The Context of White Supremacy hosts the weekly summit on Neutralizing Workplace Racism. October means the start of more stringent vaccine requirements in many areas across the U.S. United Airlines reportedly began firing workers who've not received the jab. Airlines are also managing ongoing "Air Rage," where mostly White passengers threaten fellow passengers or crew while flaunting mask mandates and in-flight regulations. Conduct has been so dangerous some flight crew members have questioned their career choice. In the NBA, similar to United Airlines, the vast majority of employees are fully vaccinated. However, a great deal of attention is focused on the small number of black players who're hesitating on receiving a shot. #VaccineSurcharge INVEST in The COWS – http://paypal.me/TheCOWS Cash App: https://cash.app/$TheCOWS CALL IN NUMBER: 720.716.7300 CODE: 564943#
Nickolaus Bauer speaks to Pratiba Daya, Programme Co-Ordinator in South Africa Brahma Kumaris about non-violent way to fight our problems See omnystudio.com/listener for privacy information.
The Context of White Supremacy hosts the 9th and final study session on Woody Allen's 2020 autobiography, Apropos of Nothing. One of the most critically revered movie-makers of all time, Woody Allen is a New York City and entertainment icon. In addition to his flicks, he's an acclaimed comedian, a concert-playing musician, and bestselling author - Apropos of Nothing being his most recent text. Published in 2020, the book recounts his life, entertainment career, and "romance" with Soon-Yi Previn. In addition to being non-white, adopted/abducted from Korea, Previn is thirty-five years younger than Allen. Despite a damning Child Protective Services investigation and years of allegations of child rape and sexual abuse of children, Allen remains beloved my hoards of Whites. We'll examine this work for what it reveals about White culture. During our last reading, Allen explains how he hired a black male, the late Geoffrey Holder. Allen explained that his film required an "exotic" element, and Holder fit the bill. Tellingly, this 1972 film is: Everything You Always Wanted To Know About Sex, But Were Afraid To Ask. When not making films, Allen describes going on a musical tour, where he "steals" from the same black New Orleans jazz legends he previously branded as "primitive" When not making films for Whites, Allen confesses one of his top enjoyments was being home to "fondle" Soon-Yi. He later refers to an article that describes Soon-Yi as a "dominatrix" in their relationship, but there are no quotes or citations confirm. #ChildRape INVEST in The COWS – http://paypal.me/TheCOWS Cash App: https://cash.app/$TheCOWS CALL IN NUMBER: 720.716.7300 CODE: 564943#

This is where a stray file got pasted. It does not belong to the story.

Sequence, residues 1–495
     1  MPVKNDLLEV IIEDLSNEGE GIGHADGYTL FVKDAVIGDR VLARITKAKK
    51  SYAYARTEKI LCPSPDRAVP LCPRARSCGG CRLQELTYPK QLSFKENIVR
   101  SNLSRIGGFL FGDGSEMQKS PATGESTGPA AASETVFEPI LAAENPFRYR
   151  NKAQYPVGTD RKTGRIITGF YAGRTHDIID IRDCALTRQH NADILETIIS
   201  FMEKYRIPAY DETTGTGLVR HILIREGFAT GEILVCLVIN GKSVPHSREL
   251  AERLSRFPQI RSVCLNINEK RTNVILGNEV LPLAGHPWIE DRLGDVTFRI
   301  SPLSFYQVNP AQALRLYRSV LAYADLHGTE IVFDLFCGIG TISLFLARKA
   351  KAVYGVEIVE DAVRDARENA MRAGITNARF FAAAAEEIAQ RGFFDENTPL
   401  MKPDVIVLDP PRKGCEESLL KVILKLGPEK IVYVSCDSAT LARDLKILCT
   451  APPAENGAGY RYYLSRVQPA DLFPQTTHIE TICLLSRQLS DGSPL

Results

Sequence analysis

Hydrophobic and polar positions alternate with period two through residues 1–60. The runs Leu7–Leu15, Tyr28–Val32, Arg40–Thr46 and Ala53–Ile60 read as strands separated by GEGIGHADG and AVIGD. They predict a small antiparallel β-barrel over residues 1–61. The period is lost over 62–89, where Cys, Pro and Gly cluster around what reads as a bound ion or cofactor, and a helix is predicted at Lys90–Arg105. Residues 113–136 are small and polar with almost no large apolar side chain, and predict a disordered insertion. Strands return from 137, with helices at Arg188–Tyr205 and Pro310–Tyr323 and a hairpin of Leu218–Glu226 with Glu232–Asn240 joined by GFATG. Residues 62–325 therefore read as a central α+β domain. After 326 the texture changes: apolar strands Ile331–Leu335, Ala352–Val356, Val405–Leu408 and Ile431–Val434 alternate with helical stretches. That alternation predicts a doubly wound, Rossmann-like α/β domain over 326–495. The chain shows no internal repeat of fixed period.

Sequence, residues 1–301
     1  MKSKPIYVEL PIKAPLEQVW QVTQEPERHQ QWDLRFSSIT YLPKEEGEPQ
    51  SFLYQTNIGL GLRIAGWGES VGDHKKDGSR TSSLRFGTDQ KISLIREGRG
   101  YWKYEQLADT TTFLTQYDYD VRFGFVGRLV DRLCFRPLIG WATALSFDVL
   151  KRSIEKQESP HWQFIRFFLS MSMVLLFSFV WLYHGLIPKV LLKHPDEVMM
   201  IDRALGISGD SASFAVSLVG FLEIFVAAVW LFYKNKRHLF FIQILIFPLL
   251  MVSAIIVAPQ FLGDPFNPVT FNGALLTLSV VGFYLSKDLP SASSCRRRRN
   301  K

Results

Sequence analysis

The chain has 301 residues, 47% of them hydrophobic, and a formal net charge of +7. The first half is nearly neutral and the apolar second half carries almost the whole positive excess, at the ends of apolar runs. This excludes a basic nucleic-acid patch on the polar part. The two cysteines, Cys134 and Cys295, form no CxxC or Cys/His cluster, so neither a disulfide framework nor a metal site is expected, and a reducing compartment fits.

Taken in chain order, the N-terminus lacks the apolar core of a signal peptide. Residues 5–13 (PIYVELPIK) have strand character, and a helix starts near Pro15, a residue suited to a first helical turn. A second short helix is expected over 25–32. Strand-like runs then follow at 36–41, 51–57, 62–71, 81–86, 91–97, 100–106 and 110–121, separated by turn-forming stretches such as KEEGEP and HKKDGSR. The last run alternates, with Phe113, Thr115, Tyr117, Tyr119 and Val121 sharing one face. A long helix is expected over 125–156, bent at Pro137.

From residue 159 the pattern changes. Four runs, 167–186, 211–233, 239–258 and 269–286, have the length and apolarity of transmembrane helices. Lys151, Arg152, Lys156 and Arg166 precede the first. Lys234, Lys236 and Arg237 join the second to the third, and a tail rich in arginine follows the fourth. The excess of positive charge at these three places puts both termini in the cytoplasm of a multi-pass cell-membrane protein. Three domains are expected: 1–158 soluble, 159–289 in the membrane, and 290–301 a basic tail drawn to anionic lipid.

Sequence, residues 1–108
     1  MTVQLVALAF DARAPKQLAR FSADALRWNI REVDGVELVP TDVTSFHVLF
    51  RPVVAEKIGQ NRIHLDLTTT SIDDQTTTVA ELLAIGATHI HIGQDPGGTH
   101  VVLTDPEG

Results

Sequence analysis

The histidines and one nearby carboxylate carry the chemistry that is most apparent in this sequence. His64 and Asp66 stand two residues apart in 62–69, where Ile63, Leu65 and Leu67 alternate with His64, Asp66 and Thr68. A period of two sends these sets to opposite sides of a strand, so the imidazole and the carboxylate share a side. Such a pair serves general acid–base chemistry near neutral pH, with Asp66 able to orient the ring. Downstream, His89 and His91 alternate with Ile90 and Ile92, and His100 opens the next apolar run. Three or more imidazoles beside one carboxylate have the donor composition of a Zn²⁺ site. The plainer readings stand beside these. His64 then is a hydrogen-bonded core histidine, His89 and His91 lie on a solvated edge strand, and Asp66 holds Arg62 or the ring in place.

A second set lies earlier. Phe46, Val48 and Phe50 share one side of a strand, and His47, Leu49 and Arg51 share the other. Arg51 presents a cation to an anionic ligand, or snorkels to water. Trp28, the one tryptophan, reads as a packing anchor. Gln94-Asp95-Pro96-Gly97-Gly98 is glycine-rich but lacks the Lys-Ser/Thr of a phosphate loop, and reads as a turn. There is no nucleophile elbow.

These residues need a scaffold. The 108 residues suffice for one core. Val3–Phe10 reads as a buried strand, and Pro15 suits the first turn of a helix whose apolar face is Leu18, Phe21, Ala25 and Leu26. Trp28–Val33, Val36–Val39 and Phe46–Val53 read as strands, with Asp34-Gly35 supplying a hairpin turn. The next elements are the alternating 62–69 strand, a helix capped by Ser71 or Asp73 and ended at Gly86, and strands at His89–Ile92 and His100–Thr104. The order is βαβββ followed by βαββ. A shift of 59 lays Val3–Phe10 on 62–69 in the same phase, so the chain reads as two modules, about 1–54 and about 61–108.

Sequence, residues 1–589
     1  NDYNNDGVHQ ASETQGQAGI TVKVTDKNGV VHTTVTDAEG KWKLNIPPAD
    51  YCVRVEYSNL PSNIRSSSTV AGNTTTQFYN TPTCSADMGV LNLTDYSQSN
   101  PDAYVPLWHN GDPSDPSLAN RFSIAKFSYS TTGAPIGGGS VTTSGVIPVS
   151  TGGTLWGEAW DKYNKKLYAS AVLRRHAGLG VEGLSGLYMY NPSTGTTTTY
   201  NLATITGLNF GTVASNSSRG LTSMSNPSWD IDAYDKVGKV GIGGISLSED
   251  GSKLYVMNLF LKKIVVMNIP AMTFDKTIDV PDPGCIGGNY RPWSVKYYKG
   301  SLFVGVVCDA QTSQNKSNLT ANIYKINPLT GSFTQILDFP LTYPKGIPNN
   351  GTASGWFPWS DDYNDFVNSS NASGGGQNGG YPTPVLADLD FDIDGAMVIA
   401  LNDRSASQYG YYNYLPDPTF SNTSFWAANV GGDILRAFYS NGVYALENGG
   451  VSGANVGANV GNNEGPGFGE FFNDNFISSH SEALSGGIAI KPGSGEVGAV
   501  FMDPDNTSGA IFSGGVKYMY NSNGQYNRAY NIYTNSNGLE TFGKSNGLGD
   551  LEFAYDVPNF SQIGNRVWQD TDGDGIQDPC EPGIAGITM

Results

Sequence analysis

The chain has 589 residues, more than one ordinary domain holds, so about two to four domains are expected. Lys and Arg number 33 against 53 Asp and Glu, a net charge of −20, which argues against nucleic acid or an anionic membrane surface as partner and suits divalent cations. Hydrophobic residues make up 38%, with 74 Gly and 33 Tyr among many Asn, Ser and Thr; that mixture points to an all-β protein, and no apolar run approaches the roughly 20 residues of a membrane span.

Rabbi Matt Rosenberg of https://shalomseattle.com/ (Restoration Synagogue) in Seattle, author of "Jesus Never Said Anything New" visited Life Church and provided rarely-considered context to the Jewishness of Jesus, his actions and his teaching. Pastors Sonny Hennessy and Scott Eastman exchange their thoughts on the message and of what it means for us. -- Watch the full message we're chewing on http://bit.ly/LCGBHomepage (here) http://bit.ly/discussnowpc (Download) the discussion questions for your pocket Support this podcast
Deeper Christian Podcast • Episode 217 Studying the Bible in light of its context is of utmost importance. In this particular episode, we conclude our mini-series looking at seven important types of context you need to keep in mind as you study Scripture. As we examine the last three types of contexts (scriptural, geographical, visual), learn what these contexts are, why they are important, and hear some examples of how studying the Bible in light of history and culture helps you understand the Bible. ----------------- View the shownotes for this episode and get other Christ-centered teaching and resources at: https://deeperchristian.com/217/ (deeperChristian.com/217/) Support this podcast